Our modern idea of education is not a value derived from Jesus, but in my life education has enhanced my spiritual and emotional maturity as well as my inclusiveness. I realize this is not true of everyone.

I've tried to live my values from my youth up. Some signs: I gave away almost all my belongings at age 24/5 and owned nearly nothing for the next decade until purchasing unimproved mountain land. There I built a modest house with my own hands (and some help from my friends) that is off-grid, heated with wood I cut and split myself, and lighted with solar electricity. I have lived in it for the past 26 years, in symbolic solidarity with the poor, especially with poor women who, in the developing world, are often the hewers of wood and drawers of water.

Ten years ago, I joined the Religious Society of Friends, the unprogrammed Quakers with silent Meetings. I live in silence, too, writing fulltime in my home in the mountains. The silence opens space for awareness of God; attunes me to the still, small voice within; and lets me feel the light touch of God’s hand on my life.

For education, I earned a Ph.D. and write in the interdisciplinary area of science and religion. To stay abreast of my fields, I must learn continuously.

My spiritual discipline is two-fold. It is intellectual, as I study the Bible (traditionally one of God's books) and nature as science describes it (God's other book). Because I don't think God wrote the first, I don't try to fit them together. However, I do think the Bible is a collection of records of human efforts to live in the domain of God, one of many such collections. It is also indispensable for understanding the historical Jesus.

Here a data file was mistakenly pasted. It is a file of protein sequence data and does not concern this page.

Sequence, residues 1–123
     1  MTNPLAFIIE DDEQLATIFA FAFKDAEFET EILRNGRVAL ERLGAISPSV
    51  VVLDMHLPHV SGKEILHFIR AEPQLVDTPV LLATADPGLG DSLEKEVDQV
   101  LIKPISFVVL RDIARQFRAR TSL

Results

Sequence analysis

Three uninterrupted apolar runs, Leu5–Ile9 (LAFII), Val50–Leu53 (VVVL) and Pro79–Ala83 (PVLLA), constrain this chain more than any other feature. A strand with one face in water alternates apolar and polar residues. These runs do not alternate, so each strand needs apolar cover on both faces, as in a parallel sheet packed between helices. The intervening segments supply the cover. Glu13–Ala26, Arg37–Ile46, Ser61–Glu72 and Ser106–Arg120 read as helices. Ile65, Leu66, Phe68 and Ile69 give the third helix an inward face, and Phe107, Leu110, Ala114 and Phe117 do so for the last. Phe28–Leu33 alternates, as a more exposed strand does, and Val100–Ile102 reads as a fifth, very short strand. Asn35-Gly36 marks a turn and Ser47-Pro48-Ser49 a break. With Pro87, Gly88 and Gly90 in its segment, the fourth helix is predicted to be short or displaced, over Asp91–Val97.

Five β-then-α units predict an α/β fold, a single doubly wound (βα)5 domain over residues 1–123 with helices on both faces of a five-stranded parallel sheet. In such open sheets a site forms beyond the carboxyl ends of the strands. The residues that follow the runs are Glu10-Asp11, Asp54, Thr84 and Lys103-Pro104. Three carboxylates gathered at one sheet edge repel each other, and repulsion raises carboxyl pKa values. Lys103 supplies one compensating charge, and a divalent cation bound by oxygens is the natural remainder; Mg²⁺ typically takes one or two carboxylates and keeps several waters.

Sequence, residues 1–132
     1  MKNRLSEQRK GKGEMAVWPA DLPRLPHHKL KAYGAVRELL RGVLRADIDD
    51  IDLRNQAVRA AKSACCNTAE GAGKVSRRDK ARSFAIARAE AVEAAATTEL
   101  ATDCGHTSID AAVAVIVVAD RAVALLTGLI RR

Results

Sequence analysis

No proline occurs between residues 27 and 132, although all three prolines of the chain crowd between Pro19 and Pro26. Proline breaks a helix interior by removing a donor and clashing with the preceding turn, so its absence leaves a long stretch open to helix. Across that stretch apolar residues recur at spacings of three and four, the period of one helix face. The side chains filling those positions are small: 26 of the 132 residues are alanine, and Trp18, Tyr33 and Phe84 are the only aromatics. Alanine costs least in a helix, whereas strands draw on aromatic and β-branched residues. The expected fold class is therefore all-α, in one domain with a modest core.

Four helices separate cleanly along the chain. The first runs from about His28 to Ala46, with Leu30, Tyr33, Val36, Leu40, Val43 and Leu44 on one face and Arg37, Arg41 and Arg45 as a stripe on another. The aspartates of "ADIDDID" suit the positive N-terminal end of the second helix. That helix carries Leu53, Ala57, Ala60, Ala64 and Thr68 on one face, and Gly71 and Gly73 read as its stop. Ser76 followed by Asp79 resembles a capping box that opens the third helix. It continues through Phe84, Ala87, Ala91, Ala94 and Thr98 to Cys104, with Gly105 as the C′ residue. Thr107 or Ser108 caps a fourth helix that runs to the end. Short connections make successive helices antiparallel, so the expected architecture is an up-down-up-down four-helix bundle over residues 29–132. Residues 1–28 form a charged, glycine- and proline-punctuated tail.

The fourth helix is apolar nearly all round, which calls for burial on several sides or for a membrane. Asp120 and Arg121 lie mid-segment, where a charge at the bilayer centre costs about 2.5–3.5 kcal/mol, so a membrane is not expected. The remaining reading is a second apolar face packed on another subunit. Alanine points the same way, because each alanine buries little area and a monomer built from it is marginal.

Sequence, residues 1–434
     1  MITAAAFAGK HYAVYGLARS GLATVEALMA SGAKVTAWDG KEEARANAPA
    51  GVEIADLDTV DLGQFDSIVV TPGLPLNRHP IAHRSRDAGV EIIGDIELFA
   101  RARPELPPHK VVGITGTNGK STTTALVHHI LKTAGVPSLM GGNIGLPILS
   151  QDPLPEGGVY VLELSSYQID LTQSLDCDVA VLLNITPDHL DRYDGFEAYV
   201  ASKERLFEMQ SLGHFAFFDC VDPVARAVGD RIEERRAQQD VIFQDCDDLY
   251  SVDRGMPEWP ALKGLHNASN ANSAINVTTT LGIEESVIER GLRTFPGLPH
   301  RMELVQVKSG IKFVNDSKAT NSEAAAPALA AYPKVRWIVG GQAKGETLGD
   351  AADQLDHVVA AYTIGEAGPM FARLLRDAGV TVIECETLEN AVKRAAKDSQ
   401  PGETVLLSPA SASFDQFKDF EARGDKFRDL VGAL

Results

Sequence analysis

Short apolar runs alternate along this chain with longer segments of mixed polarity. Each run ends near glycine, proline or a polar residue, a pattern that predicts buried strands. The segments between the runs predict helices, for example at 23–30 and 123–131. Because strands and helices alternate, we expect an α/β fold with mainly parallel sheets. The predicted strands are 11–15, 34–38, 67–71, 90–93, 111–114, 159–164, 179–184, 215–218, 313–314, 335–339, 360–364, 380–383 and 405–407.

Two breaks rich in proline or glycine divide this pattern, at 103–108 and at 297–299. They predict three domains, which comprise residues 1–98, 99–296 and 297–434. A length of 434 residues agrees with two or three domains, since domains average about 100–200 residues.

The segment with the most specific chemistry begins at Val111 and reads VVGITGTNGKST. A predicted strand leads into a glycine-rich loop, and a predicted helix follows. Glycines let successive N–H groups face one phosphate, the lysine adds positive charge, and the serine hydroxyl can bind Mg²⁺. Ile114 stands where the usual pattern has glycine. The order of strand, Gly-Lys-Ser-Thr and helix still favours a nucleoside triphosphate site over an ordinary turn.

My other spiritual discipline is silence. Every morning (except Saturday, customarily a day off work!), I devote some time to silently waiting for God to speak to me rather than telling God what’s best, as traditional prayer often does. Sundays I gather with others in the silent Quaker assembly to await awareness of God's presence, to listen for the divine voice, and to receive spiritual guidance directly and/or through others assembled there. Outsiders say Quakers abolished baptism and communion, the two central Christian rites. True, Quakers discarded the outward forms, but they experience spiritual baptism and spiritual communion together every Sunday morning.

A pamphlet describing my own spiritual journey is available online, free for the download, at http://www.universalistfriends.org Once there, click on "pamphlets" and look for Hazardous Engagement: God Makes a Friend—or follow the link from my own website at http://www.theologyauthor.com